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Circus Trick

Is it a sign of the times? Le Cirque 2000 is pleasing the usual crowd with newly dense, rich dishes. Now it's not only see-and-be-seen but be seen with your mouth happily full.

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Big top: The dining room at Le Cirque 2000.  

I caught the intoxicating Elaine Stritch last week. As expected, a high point of this one-woman twelve-step program is Stephen Sondheim's "The Ladies Who Lunch," in which Stritch ruefully describes her well-turned-out, cocktail-swilling former buddies as "dinosaurs surviving the crunch."

Not only do those dinosaurs still roam the earth, some of them adapt and thrive. In the ornate library of Le Cirque 2000 the very next day, I spy a table of them. True to form, they are a fabric bonanza, swathed in plaids, brocades, and bouclés -- not a little black dress in the bunch -- accessorized with shiny buttons, jaw-breaking pearls, and bedazzling brooches. There are enough high, unlined foreheads that you could show a film festival.

Have these ladies assembled merely to pick at Le Cirque's classic lobster salad? Or have they heard that the new menu includes a delicious trio of foie gras ravioli in beef consommé, so silky as to put their YSL peasant blouses to shame? Perhaps, but right now food is (temporarily, at least) beside the point. These dames are at a working lunch. They formed an investment circle a few years ago, and today they've gathered to design their portfolio for 2002. Well, here's to the ladies with stock.

Le Cirque 2000 has changed, and it's not merely because Adam Tihany's swirling Cirque du Soleil interior has finally reached a clash-and-let-clash truce with the old ornate Villard-mansion rooms. When it first opened at the Palace Hotel, Le Cirque 2000 was chastised for its wrenching flamboyance and ungainly flow. Boldface names became apoplectic trying to determine the best tables. Critics appeared in deep incognito to prove that service was racked with favoritism. The kitchen strained to emulate former chef Daniel Boulud's ethereal touch.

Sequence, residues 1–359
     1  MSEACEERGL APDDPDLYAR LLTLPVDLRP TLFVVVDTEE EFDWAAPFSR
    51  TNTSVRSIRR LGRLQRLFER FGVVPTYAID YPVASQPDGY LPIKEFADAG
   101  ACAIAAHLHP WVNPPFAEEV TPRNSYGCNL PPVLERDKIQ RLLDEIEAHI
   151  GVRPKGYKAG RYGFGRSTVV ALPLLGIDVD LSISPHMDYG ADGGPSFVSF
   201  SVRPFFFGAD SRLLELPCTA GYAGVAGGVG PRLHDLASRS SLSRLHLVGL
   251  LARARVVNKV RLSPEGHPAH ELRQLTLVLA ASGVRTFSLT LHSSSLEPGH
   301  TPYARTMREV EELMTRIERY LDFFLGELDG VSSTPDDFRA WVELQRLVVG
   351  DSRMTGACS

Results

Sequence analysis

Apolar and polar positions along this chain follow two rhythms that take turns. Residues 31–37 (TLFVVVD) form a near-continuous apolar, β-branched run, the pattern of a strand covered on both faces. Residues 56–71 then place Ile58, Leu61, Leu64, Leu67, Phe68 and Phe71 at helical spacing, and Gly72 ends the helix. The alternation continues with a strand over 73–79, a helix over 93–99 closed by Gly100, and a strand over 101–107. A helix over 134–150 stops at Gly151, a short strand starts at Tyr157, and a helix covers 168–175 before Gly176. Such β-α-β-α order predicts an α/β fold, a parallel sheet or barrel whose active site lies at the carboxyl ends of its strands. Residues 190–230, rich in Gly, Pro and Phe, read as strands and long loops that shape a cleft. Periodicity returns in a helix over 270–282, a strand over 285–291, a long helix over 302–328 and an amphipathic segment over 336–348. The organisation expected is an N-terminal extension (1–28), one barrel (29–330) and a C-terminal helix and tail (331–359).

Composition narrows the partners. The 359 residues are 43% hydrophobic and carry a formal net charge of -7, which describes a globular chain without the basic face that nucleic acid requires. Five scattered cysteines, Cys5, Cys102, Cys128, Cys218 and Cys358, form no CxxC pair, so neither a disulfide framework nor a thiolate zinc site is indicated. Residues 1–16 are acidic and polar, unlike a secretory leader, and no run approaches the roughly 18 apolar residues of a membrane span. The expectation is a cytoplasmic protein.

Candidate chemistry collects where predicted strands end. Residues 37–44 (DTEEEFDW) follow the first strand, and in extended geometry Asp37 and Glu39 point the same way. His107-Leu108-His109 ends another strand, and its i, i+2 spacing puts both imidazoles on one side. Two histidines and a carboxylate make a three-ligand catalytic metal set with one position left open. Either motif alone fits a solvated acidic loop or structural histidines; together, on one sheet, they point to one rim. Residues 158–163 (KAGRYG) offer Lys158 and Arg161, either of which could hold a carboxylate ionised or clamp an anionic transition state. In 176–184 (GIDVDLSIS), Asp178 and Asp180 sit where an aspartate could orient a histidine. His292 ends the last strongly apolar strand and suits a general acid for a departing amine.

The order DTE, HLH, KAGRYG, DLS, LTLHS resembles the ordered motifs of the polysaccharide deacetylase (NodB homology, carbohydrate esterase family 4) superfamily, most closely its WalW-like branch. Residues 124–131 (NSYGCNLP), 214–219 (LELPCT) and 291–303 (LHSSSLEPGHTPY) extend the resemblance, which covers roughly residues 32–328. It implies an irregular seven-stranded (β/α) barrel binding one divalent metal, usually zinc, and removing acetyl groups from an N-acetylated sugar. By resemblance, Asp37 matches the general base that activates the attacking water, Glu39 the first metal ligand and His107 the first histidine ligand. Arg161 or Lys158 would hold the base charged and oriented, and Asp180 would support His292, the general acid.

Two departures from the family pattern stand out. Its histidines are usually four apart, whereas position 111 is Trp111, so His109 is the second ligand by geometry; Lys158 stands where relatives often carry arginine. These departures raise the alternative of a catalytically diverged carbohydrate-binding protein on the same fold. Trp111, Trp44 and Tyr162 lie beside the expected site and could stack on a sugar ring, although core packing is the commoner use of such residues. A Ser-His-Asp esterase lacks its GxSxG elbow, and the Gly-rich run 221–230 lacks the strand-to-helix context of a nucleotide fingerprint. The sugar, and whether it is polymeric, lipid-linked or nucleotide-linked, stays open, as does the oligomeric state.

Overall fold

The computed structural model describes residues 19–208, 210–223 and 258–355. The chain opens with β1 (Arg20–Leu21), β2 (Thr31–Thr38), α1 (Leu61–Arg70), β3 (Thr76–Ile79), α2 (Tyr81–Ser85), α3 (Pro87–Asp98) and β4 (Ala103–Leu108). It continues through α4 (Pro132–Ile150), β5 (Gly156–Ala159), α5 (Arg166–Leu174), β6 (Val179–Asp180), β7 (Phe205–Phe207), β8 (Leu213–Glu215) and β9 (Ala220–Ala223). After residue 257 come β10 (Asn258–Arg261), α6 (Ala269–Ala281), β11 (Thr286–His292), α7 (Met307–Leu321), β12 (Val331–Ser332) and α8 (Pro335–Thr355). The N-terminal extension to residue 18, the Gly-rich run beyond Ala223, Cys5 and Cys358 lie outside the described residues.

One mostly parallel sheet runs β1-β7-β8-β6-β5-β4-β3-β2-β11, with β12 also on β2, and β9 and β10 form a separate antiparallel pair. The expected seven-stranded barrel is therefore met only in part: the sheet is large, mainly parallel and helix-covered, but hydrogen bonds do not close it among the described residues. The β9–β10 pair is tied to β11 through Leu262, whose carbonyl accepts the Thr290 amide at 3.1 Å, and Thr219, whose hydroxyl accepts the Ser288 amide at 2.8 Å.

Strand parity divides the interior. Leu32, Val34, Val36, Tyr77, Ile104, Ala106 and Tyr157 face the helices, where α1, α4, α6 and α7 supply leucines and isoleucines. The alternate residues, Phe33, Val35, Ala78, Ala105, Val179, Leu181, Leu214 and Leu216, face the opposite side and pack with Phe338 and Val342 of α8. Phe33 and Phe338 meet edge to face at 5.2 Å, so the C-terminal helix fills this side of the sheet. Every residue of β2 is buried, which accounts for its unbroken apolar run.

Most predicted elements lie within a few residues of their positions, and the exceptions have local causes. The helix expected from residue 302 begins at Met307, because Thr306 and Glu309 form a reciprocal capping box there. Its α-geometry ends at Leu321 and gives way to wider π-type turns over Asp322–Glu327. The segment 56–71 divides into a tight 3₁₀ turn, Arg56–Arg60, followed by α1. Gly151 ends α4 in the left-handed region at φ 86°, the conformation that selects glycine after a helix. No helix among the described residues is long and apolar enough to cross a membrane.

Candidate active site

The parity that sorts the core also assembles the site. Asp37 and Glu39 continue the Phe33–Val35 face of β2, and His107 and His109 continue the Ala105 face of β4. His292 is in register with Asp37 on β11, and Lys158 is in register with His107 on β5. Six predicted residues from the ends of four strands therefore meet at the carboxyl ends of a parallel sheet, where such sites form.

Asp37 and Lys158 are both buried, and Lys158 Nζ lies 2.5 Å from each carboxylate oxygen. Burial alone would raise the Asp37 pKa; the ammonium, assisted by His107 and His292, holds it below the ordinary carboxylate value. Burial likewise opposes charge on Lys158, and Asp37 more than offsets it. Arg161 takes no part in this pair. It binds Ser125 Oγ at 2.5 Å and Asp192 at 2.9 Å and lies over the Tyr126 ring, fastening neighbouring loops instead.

But in the past year, this spectacularly peculiar institution has altered both its mission and its cuisine. It's become someplace new and vital, mining just enough of its famous mythology to maintain a sense of the celebratory -- while avoiding becoming an anachronism. As grandmaster of ceremonies, owner Sirio Maccioni deftly juggles all those arriving at the carnival (all that sly self-effacement and perpetual fretting is just a ruse). Entitled regulars have cozily settled in the library. A new cache of business clientele mixes with tourists and others in the dining rooms. The mood -- in all the rooms -- is buoyant. The crowd -- in all the rooms -- is happy.

Much of the euphoria is due to the crowd-pleasing ethos of chef Pierre Schaedelin's kitchen. Tables are no longer marked by uniform rows of that lobster salad and pasta primavera. Instead they're laden with braised-lamb tortellini in a fragrant shower of aubergine caviar and curry, wonderfully smoky casseroles of sweet porcini and artichokes, and peppery lentil soup with rich, salty prosciutto. Schaedelin's dishes exhibit no airily stackable architecture; his handling of turbot may be light, but his plates aren't. In fact, the few times the kitchen stumbles are with dishes like Dover-sole meunière or salmon pavé, which are reminiscent of the old Le Cirque. Neither dish sparks like the moist cod stuffed with brandade and chorizo, or the lean but luscious lamb loin accompanied by slices of shoulder braised with citrus. Garnet-red maigret duck breast was often a house favorite, but now it's abetted by a bounty of confit with lentils and foie gras and crispy zucchinis. This is not just food to be impressed by. It's food people want.

Even the desserts no longer merely float by. Oh, classics like that chocolate stove are there. And the chocolate soufflé is lovely. But the new pastry chef excels at amber waves of tarte Tatin, delightful raviolis of pineapple and mango with white ice cream, figs and caramel served alongside a bracing granité spiced with red peppercorn, and a velvety coffee savarin that would make cappuccino seem redundant.

When Sirio would bring the chocolate stove over to his ladies in the old days, they'd play with it, giddily lift the white-chocolate pan, break off a piece of oven door, and leave it mangled but unfinished. You should have seen the blonde investment circle scarfing it down -- you'd have thought there was a stock tip inside. As if we need one more reminder, nothing and no one stays the same. One hopes that everybody rises. Le Cirque certainly has.

Le Cirque 2000, 455 Madison Avenue, near 50th Street; 212-303-7788. Lunch, Monday through Saturday, 11:45 a.m. to 2:45 p.m.; dinner, Monday through Saturday, 5:30 to 11 p.m., Sunday to 10 p.m. Appetizers, $12 to $29; entrées, $31 to $39. All major credit cards.


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